This past weekend we taught the first of three Intensives in our long-awaited ~ at least long-awaited by us ~ 100-hour Vedic Yoga Therapy Training. I say “long-awaited” because Yoga-as-therapy is what we do. Both my husband and I enjoy a deeply passionate life thanks to Yoga. But more than that, we survived because of Yoga. So you’d think a “Yoga Survivors” training of sorts is where we’d begin.
We have had the intention of doing this from the very start. Ten years on, we are just getting to it now. But that’s okay. Because along the way, healing continues to occur. So much so that by this weekend, teaching was natural and spontaneous. It flowed. Amazing people showed up. Amazing things happened. There were flashes of insight, deep connections, rippling waves of relief and release. We laughed. We cried. We touched, moved, breathed, and we were touched, moved and inspired by our students and their courage.
Something happens that could never have been planned and it becomes a whole lot larger than the sum of its parts. We feel ourselves more as witness than teacher, aware of the unfolding of a perfection we cannot name, willing players in service to a healing force invisible but, at times like these, immensely tangible.
It is quiet work, and very deeply rewarding.
So what do you eat on a weekend devoted to the Healing Arts when you work from 7 am to 5pm and have a house full of students?
Why, Kichari, of course.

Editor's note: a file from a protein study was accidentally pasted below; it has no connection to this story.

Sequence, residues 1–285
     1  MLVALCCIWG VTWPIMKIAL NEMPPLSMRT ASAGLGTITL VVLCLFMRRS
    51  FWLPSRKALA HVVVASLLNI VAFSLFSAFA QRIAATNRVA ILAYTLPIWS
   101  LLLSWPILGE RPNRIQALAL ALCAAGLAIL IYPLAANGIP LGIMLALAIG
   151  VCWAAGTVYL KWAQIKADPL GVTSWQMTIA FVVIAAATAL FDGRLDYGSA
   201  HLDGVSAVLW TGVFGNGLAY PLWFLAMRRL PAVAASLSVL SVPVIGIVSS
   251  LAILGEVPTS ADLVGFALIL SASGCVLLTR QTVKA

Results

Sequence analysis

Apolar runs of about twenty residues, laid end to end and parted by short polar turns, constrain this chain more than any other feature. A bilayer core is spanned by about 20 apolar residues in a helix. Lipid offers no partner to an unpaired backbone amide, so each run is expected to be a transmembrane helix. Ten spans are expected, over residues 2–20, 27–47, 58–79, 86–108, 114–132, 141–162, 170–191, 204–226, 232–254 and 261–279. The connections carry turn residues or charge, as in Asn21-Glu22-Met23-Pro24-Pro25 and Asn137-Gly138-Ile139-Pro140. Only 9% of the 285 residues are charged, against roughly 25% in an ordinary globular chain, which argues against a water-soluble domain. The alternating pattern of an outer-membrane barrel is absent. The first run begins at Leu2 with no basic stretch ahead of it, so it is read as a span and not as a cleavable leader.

Kichari is the most healing of foods, not to mention whole-body delicious. It is warm, rich, hearty and grounding: delightfully balancing in Fall. It is so healing, in fact, that it becomes Ayurveda’s Autumn Fast for those wanting a seasonal Detox.
I simply cannot say enough about it: Kichari is cleansing. Kichari is tonifying. Kichari is nurturing. Kichari is gentle to sensitive tummies. Kichari is loving, warm assurance on cold, rainy days like today. Kichari is a family favorite. Kichari is so important to Ayurveda that it is featured all over this Blog. Kichari might even be called the star of Food: A Love Story.
This past Sunday, I made it first by melting ghee and sautéing a spoonful of Autumn Masala, a spice mixture from my “Dancing Plums” collection which is basically ginger, cumin, turmeric, cinnamon, cardamom, ajwan, and sesame seed. Towards the end, I grated one carrot and half a zucchini, tossing them into the pot for the last ten minutes of cooking. Just before serving, I went to the garden and cut a few stalks of oregano, placing them, flowers and all, on top of the kichari once ladled into bowls.
I put it all together in ten minutes before everyone arrived, and kept it warm in our slow cooker. But it can be made any morning before work and kept until lunchtime in a thermos. You can even cook it in a thermos. Just toss in the ingredients, add boiling water, stir and seal. Let it stew at least four hours and by lunchtime you will have a home-cooked, healthy, hot meal.
Again, there are a number of recipes for Kichari here on this Blog. You will find two on the Basics page, another one here and a great video demonstration, by the totally adorable Kate Lumsden making Kichari in her kitchen.
In Ayurveda there is a saying, “Food is sensory. Digestion is Divine.” Both a sumptuous symphony of sensory delights and divinely digestible, this healing dish is a sacred blessing.
To all healers everywhere and all who are healing, I send Love and a great, big Thank You!